The outpouring of love and support, expressions of concern, reminders of so many who had friended him on Facebook and felt as though they’d really known him, were nothing short of amazing. Offers of “please call me” or “we are worried about you” or “hang on, brother, we are here” filled the comments section. If there were a point in time when he was wavering in his attitude about what his plan was, everyone did whatever they could yesterday, New Year’s Day, to show their support for Marty and express their best wishes. His voice mail was reportedly full with messages from people who expressed their concern and undoubtedly asking him to return their calls and let them know “how he was.”
Marty said clearly how he was in his post. He was in pain. His own words are the important ones to contemplate, not anyone else’s as commentary about how they thought he felt. He said it specifically. And, it wasn’t 12 hours before someone posted they learned he was gone, although it will be Thursday before any official notice appears online.
His talents in music were innumerable, but he sang, played keyboards, especially the Hammond B-3, saxophone, and guitar; he composed, he was an arranger, and he performed as an integral part of many bands during his career. Hailing from Blue Island, on the South Side of Chicago, Marty’s parents were both musicians. His father Harry played professionally and his mother Armella (“Mel”) taught piano and co-owned a music store. Marty even studied at the American Conservatory of Music.
Although not a complete list of all Marty’s musical involvements, I wanted to list a few. Before he was ever a Buckingham, Marty was one of The Exceptions. He was two years older than most of us (which meant light years ahead in music practice, skill, and refined talent), and it showed in his performance. Paired with Kal David (David Raskin), Peter Cetera, and Denny Ebert, Marty was in Kal David and The Exceptions. Their PR photos showed four handsome young men in nice matching suits. They were always playing at the more adult clubs in Chicago neighborhoods, compared to the teenage audiences and venues we’d play in Old Town, Rush Street, and various ballrooms.
But, when our song “Kind of a Drag” became number one on the Billboard Charts, we found ourselves in need of a keyboard player, as our original one, Dennis Miccolis, had decided to enter college studies. Marty was better than we were at our instruments, but still he never made us feel inferior about it. He was an easy guy to be around, although early on he was very different from the rest of us in his attitude about what people thought of “pop music” and musicians with Beatle haircuts.
When we traveled, he loved the nightlife and seemingly required no sleep. I say that as our former tour manager, Peter Shelton, used to see him come in from an evening about 4 am and since we’d all have to leave at 6 am the “next” day, Marty would shower, get fully dressed for travel (back in the days when we all dressed up to travel on airplanes) and then he’d lie down on top of his bed and sleep for 2 hours. When Peter would knock on his door, Marty simply stood up, grabbed his hat, and he was ready to go. He loved the nights more than the days, to be sure.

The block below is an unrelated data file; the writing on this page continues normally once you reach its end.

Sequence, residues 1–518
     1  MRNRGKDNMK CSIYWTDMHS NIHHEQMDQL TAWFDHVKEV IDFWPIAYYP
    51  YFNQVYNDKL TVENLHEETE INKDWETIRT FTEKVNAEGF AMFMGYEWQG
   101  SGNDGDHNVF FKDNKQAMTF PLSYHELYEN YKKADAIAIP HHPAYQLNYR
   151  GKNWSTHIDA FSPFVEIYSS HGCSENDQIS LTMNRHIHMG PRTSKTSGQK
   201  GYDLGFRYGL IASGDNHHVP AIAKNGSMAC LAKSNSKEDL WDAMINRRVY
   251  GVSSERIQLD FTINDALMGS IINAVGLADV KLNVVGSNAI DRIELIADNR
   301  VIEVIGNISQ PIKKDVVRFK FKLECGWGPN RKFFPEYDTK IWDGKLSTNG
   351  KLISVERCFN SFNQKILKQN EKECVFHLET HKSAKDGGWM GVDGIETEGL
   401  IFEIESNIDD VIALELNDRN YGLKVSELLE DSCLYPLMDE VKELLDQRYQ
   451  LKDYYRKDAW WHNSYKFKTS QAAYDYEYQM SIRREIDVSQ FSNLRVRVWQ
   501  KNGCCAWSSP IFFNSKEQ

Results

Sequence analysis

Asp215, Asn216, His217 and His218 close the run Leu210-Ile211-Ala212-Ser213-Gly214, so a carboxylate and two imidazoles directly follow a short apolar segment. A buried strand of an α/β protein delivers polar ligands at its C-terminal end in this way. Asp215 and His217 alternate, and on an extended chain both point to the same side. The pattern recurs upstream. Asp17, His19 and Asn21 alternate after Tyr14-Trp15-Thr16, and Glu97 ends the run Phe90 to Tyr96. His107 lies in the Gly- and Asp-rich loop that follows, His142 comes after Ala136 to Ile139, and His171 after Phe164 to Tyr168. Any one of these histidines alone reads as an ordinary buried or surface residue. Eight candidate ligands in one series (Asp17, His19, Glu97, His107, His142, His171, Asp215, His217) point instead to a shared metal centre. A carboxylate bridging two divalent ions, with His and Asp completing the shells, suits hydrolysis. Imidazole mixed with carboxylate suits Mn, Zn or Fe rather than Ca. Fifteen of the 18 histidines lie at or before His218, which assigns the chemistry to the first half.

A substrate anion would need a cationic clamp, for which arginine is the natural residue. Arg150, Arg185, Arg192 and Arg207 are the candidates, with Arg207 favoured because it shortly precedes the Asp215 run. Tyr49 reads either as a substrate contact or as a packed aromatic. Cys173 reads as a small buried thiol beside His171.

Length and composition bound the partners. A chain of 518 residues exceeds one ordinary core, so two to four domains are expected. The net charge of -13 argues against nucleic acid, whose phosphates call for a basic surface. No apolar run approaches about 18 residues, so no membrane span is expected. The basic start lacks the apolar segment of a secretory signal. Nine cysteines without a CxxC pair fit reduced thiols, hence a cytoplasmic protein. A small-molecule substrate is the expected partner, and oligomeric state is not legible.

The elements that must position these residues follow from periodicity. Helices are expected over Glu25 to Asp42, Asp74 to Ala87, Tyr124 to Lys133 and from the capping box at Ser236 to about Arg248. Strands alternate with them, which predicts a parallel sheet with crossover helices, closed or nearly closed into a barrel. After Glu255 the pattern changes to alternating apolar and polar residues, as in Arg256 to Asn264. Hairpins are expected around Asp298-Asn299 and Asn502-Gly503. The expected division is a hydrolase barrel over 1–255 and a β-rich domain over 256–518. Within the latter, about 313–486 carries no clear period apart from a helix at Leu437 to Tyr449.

Our greatest musical successes centered on songs written by James Holvay ("Kind of a Drag"), and during Marty's time three songs by James Holvay and Gary Beisbier ("Don't You Care," "Hey Baby, They're Playing Our Song," and "Susan"), and we all got lucky with our version of "Mercy, Mercy, Mercy," as there were seven artists who released that same song that year.
Our first album for Columbia, “Time and Charges” was a new experience for us, recording in New York (Marty was not on the USA Records “Kind of a Drag” album or any of those tracks recorded at Chess Studios), but when it came time for our sophomore album for Columbia Records, “Portraits,” Marty took charge willingly of the content—the concept, theme, substance of the songs, having written several that were on there, and occasionally “gifting” some of us with co-writing credits because that’s just the kind of guy he was.
We “studied” or prepared to bring this idea to life, first by sitting in the middle of a living room floor in the Hollywood Hills, in a home James Guercio had rented for us, and we played The Beatles’ “Sgt. Pepper” album so many times that we all felt fully inspired.
Of course there were some other things around the room that provided a little extra inspiration, but the point was that all five of us were together, united, acting in concert with each other with no acrimony at all. That time was probably the time when we were the closest to a “band of brothers” that people seem to think all bands were like at that time. His contributions to our success were great for the 22 months he was with us.